The relationship between saccharide expression and disease progression has a biological basis as glycans regulate many processes involved in tumorigenesis. For instance, extravasation, a critical step in metastasis, is initiated by shear stress-induced interactions between selectin family endogenous lectins and their cell surface carbohydrate ligands. The selectin family consists of three members with differential expression patterns. Endothelial cells display E- and P-selectin, platelets express P-selectin, and leukocytes present L-selectin [18
]. Carbohydrate ligands for selectins are modified Le blood group antigens, which are abundant in malignant tissues. Evidence is accumulating that the clinical correlation between tumor expression of selectin ligands and metastasis is a reflection of a causal relationship [20
]. Mice lacking L- or P-selectin, singly or in combination, exhibit greater resistance to the metastasis of colon carcinoma cells than do wild-type animals [21
], and E-selectin is also implicated in tumor metastasis [23
]. Additionally, cancer-related protein scaffolds have been identified as selectin ligand carriers, and thus as participants in the extravasation process. For instance, CEA, the glycoprotein commonly used as a marker for colorectal cancer, and CD44, a highly glycosylated cell surface adhesion protein, can serve as E- and L-selectin ligands [20
In light of the strong biological and clinical correlations between tumors and specific types of glycosylation, several laboratories have applied a variety of glycan-based enrichment strategies to cancer biomarker discovery. In general, these studies have tended to be small-scale proof-of-principle endeavors. It is noteworthy that, on the whole, they succeeded in identifying target biomarker candidates for further validation. Thus, the published literature supports the theory that focusing the selection process on cancer-relevant glycans increases the likelihood of identifying potential disease sentinels and/or targets. In terms of specific methods, a variety of protocols, including lectin-, antibody- and chemical-based approaches, have been developed for the capture of glycoproteins and glycopeptides. Lectin-based protocols include those using single species [24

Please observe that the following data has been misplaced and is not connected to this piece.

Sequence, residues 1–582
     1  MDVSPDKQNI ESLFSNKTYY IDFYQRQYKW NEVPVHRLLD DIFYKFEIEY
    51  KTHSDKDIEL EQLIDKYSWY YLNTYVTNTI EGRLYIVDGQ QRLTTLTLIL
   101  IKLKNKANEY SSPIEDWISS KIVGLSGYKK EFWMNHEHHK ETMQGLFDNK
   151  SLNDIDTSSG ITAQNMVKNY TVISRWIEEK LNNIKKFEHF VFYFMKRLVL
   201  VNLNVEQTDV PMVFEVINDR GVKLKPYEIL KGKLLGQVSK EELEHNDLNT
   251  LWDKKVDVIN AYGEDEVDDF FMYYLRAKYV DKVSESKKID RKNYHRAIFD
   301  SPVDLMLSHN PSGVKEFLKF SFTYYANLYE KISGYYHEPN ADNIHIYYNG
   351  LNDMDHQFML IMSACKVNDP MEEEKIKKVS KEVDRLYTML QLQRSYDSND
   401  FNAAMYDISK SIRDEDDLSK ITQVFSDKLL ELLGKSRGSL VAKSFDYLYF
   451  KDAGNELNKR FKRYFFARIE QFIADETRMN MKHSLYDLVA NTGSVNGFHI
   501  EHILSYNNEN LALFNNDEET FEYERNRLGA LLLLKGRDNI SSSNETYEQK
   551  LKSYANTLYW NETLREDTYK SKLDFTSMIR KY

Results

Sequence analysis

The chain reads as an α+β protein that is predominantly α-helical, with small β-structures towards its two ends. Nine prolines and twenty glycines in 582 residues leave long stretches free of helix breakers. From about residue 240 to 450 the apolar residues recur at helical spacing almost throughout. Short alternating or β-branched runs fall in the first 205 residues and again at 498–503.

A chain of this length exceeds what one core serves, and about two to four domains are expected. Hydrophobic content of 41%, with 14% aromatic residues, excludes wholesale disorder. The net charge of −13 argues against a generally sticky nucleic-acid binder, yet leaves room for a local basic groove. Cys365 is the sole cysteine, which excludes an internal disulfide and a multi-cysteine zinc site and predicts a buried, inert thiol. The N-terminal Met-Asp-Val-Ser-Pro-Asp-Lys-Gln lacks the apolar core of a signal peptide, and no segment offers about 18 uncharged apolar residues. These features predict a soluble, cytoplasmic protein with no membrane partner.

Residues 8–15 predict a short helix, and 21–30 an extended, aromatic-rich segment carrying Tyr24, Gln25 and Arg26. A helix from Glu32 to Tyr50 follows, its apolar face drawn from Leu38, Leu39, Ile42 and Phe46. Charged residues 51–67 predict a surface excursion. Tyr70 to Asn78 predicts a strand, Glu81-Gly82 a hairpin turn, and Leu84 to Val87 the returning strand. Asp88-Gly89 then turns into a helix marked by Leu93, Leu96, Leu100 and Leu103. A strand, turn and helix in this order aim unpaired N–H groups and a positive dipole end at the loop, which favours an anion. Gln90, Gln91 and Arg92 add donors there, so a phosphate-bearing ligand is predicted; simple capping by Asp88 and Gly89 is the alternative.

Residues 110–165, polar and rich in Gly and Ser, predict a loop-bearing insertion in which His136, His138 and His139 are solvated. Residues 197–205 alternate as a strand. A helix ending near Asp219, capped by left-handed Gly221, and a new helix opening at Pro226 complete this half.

], as well as mixtures, e.g.
, concanavalin A, wheat germ agglutinin, and Artocarpus integrifolia
(jacalin). The latter method has been dubbed multi-lectin affinity chromatography [27
]. Less common are protocols employing carbohydrate-reactive antibodies such as those recognizing Le blood group antigens [31
]. In addition, two similar approaches, involving hydrazide or boronic acid chemistry, capitalize on the cis
-diols in monosaccharides to covalently couple the glycans to a derivatized support [32
Here, we present the results of an extensive method development effort in which we used glycopeptide standards as positive and negative controls to optimize an automated workflow for the rapid enrichment of selectively glycosylated peptides from depleted, trypsin-digested human plasma. Specifically, we performed lectin affinity chromatography at the glycopeptide level. Using a number of requirements, including the presence of an N-linked consensus motif (NXS/T) and a +1 Da mass shift at the modified Asn residue after deglycosylation with PNGase F, we identified glycosites enriched by a specific lectin, an indication that they carried specialized carbohydrate modifications. Using commercially available preparations of Sambucus nigra agglutinin (SNA), which binds sialic acid α2,6- and α2,3-linked to terminal galactose, and Aleuria aurantia lectin (AAL), which binds α-linked fucose at both core and branch positions, we identified a total of 227 glycosites in 119 glycoproteins from human plasma. These included low-abundance proteins such as cadherin-5 and neutrophil gelatinase-associated lipocalin. Now, we are poised to compare families of SNA- and AAL-binding glycoproteins in cancer-relevant human samples.